(Image Credit: Tom Bloom, New York Times)
My typist pays the utility bills in our household (Goose pays for most of the food and liquor, so it comes out about even) and has been grousing all winter about the soaring cost of electricity. Our house is heated by gas, not electricity, so our winter electric bills used to be pretty negligible -- under $50 a month, according to Moose, though her paper records don't go back to that now remote happy time. The other day, however, she got a bill for $188, which put her into an official tizzy over the fundamental unfairness of life in the 21st century. "How are people managing these costs?" she said to Goose. "Why have they gone through the roof, when our patterns of consumption have not significantly changed? Why aren't people kicking and screaming, demanding answers from the utility companies?" "There, there now, dear," Goose replied. "The revolution will be starting any second now. Relax. Have a drink. Let's turn out the lights to save a penny or two."
As it turns out, Moose is not the only consumer feeling the shock of higher bills for electricity. The problem became news last night and this morning after Maryland's Public Service Commission summoned utility officials to testify yesterday at a hearing held in response to complaints about soaring rates and the record number of shut-off notices that are being sent out to customers who have fallen behind on their bills. Close to 3 million such notices were sent out in 2008 by the utilities companies serving Maryland and DC, according to data cited in the Wa Po story. 3 million!
To the shock of absolutely no one, the response from the utilities is to blame colder weather, longer billing cycles, and the inefficiency of customers' electric heating systems. Oh, and the maddening tendency of customers to hang around the house over the holidays and prefer not to freeze their widening rear ends off.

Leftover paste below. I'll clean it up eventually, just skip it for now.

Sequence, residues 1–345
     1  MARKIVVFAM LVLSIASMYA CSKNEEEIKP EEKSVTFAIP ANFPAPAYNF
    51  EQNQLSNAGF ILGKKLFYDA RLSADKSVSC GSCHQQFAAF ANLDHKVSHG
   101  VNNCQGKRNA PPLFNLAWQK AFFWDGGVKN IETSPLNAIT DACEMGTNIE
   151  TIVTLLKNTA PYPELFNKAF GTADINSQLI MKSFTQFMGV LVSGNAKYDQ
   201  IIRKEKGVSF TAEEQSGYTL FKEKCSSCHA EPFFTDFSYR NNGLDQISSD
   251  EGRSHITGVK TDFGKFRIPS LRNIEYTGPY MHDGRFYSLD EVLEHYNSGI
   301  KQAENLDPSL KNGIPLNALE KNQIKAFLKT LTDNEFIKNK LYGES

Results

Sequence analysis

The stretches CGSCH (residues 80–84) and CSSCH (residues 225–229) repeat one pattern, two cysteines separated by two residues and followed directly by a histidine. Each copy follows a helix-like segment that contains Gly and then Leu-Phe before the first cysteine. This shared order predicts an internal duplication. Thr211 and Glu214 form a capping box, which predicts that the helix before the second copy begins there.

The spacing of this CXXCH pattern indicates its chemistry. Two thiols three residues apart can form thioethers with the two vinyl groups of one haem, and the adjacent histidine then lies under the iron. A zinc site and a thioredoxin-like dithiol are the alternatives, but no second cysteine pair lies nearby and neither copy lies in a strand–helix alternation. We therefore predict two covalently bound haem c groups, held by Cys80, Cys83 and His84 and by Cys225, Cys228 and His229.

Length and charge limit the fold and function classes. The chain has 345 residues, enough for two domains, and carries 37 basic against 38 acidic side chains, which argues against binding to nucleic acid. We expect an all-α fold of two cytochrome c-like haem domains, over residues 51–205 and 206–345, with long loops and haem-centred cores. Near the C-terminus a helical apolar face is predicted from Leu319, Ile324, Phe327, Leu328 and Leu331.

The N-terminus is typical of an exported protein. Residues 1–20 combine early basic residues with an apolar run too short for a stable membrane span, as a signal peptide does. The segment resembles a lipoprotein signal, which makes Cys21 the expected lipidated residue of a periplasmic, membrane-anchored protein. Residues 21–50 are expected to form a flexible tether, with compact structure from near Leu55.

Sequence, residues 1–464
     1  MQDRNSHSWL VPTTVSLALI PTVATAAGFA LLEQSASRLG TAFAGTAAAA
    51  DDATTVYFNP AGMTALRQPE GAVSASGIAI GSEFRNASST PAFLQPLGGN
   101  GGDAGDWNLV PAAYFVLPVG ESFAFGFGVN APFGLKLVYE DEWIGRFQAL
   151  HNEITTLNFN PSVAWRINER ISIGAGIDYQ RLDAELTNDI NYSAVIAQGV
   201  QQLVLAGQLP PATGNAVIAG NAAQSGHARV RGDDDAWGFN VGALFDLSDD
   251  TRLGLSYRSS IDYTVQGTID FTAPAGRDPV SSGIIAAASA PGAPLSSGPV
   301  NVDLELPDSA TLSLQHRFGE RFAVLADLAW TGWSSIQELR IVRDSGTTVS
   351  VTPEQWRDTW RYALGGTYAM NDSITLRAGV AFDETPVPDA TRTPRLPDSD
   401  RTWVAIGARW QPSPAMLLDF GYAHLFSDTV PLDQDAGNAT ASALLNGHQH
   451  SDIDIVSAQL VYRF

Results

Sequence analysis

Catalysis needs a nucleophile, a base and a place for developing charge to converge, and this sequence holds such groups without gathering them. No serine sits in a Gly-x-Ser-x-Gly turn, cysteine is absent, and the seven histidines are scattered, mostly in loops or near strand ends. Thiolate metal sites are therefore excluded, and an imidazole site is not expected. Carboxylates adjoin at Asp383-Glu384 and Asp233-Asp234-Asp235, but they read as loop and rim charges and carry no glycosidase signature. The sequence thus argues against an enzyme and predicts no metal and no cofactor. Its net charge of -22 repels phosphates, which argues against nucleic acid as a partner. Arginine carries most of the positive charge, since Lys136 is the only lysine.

Boy, did that make Moose mad. As I have already mentioned, our house is heated with gas, not electricity. She pulled out bills going back to the winter of 2004-05, the last winter in which our electric bills averaged below $100 a month, and notes a jump in the charge per kilowatt hour from just over a nickel to the current rate of over 11 cents. "Colder weather," she snorted, after she had carefully spread all the bills out on the counter and gotten out a magnifying glass to study the costs per kilowatt hour. "Those evil bastards!"
Wa Po offered an explanation of the situation that struck Moose as more in line with the results of her counter-top data-mining exercise than the excuses offered by the utility companies:
Higher wholesale energy prices continue to push up electricity and natural gas costs, a result of deregulated markets in the District and Maryland. A typical monthly Pepco bill for District customers is $103.67 today, compared with $58.16 in 2004.No, really? Could it be that what we have here is another example of what a raw deal deregulation is for consumers and what a super-fantastic deal it is for energy companies? Hard to imagine, isn't it, when that whole scheme was pitched to us as a way of lowering our costs, because, you know, that's what competition does? So, now we find ourselves in the midst of economic meltdown with households facing out-of-control costs for basic necessities as well as the cost of all the bells and whistles (cable TV, high-speed internet, and cell phones that put the whole world in our pockets) we decided were necessities somewhere along the way.
Eek, people, this ain't going to be pretty. Whatever shall we do?
Fortunately, the basketball tickets are already paid for, so tonight we'll go to Senior Night for the Mighty Women of Maryland over at Comcast Center. We'll cheer tonight -- and cry over the household bills tomorrow. Free drinks at Ishmael's, the seedy yet cozy bar around the corner from the global headquarters of RW Enterprises, LLC, for anyone with a ticket stub from the Terps game. Stop by! We'll swap tips on how to survive the coming catastrophe -- or just work on our brackets for March Madness. Wevs, kids -- It's Friday! Peace out.